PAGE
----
Ethical Budgeting

National Movement

Principles for Ethical Budget Decisions

in New York State

We, of the Christian tradition believe it is of utmost importance to consider the moral basis of decisions we make.  Our holy writings call us to care for those society neglects and to be daring in our interactions with institutions that stray from the doing of justice. 

Budgets are moral documents that reflect a society’s values. Our government is responsible for protecting the least of its citizens and providing for its most vulnerable members.  Addressing basic human needs is a fundamental responsibility of our government. 

In the give and take of political debate moral principles are crucial.  Without such principles firmly grounding deliberations, so-called “solutions” often endanger the vulnerable while benefiting the comfortable.     We suggest addressing the budget crisis  based on what kind of society we want to live in and submit the following principles as guidelines for how the state raises and spends money:

  1. Every human being has dignity and worth by their very personhood.

  2. The common good needs to be considered in all deliberations and policy decisions.

  3. Providing for basic human needs benefits all of society.

  4. Education is necessary to equip children to face the challenges of the future. In this society only a strong public education system can ensure this opportunity for all children.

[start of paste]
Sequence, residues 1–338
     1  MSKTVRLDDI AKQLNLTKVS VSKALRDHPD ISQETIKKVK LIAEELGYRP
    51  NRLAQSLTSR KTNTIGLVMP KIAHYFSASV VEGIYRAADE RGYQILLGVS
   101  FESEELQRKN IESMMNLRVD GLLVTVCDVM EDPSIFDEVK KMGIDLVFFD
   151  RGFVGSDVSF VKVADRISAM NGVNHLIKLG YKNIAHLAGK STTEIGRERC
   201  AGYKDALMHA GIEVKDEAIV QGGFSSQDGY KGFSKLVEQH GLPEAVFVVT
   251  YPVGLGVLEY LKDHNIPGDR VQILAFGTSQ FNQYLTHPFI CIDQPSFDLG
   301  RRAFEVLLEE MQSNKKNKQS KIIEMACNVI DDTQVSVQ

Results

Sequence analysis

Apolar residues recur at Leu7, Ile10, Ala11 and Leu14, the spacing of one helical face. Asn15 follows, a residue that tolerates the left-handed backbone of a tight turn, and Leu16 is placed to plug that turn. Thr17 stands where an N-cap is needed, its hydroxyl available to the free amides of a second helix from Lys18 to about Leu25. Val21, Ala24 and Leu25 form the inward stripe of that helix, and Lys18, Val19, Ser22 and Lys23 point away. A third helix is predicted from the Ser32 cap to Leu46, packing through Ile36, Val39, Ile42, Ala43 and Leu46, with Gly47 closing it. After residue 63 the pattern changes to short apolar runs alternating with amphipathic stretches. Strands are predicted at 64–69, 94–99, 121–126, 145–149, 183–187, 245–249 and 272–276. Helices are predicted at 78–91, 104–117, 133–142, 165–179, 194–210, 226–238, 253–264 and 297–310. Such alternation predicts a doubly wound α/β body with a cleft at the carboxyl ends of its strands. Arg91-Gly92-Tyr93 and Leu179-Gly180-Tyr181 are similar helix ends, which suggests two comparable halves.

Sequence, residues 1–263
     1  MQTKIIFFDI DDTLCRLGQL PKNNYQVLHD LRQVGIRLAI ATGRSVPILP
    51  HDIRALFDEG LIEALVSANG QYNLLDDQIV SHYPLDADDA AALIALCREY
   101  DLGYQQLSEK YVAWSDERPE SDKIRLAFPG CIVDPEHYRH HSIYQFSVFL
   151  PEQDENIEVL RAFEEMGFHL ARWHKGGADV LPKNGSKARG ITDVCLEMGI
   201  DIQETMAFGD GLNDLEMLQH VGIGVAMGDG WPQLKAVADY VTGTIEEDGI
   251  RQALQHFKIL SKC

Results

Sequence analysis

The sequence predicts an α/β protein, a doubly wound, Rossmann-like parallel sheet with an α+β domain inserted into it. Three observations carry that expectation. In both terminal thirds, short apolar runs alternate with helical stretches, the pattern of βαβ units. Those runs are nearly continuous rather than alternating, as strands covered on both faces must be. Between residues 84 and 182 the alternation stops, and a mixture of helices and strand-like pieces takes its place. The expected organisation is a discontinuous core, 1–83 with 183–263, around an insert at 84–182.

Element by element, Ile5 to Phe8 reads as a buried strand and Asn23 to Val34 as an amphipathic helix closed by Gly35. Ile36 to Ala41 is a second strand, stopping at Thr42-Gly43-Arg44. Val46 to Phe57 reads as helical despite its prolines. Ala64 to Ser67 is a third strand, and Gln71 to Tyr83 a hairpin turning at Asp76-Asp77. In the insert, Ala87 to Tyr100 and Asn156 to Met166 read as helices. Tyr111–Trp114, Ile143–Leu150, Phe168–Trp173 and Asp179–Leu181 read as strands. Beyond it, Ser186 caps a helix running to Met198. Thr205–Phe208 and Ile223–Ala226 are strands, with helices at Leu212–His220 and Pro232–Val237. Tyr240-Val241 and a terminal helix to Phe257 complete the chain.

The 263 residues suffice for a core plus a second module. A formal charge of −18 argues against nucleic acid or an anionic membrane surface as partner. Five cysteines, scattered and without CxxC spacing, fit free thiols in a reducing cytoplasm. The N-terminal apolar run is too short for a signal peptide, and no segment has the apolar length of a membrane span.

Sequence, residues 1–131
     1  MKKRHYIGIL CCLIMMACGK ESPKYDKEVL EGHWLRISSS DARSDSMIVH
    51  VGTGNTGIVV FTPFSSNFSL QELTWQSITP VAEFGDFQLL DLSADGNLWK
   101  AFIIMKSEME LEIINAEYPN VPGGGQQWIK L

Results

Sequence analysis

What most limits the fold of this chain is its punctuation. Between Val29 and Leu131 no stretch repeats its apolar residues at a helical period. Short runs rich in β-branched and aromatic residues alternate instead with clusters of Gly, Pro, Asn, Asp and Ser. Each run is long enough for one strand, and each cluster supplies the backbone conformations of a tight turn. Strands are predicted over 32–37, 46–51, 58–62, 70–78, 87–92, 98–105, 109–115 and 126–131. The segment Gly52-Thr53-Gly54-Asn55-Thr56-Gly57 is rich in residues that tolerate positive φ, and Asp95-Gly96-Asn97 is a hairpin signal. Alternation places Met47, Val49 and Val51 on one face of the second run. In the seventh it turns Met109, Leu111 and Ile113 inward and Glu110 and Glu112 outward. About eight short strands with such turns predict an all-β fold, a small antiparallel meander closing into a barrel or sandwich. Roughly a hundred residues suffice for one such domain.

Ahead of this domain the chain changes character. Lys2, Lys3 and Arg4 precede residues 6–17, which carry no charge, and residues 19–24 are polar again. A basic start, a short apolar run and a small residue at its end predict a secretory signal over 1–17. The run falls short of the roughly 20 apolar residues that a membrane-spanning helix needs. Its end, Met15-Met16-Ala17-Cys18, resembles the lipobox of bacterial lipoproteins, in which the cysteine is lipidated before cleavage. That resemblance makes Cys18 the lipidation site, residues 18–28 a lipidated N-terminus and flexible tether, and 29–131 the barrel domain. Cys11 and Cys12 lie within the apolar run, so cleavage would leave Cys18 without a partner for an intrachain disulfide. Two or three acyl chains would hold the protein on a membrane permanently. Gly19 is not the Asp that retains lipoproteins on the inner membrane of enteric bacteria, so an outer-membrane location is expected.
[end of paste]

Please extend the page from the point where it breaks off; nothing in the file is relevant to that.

5. All persons have a right to basic preventative, primary and long-term health care services.

  6. Work is important to human well-being.  One of the major tasks of today's society is to seek ways for all who are able to work to find meaningful employment at a livable wage.

  7. As the economy worsens, reliable jobs with decent wages disappear, and the gap between the "haves" and "have-nots" widens. Fairness and balance need to guide decisions affecting profit-makers and workers.

  8. Our criminal justice system needs to be structured in ways that contribute to the wholeness of victims, offenders and the community. Issues of class and race which unevenly affect arrests, sentencing, treatment while incarcerated, parole and the use of the death penalty need to be addressed.

  9. Decisions of a society need to take into account the health of land, forests, air, streams and seas as well as profits and jobs.    We believe the essential needs of all people can be met while preserving a viable habitat for future generations.

We commend these principles to decision-makers as a touchstone to guide their work as they seek to resolve present and future economic problems of our state.  We pledge to work with them toward public policies that reflect these shared values.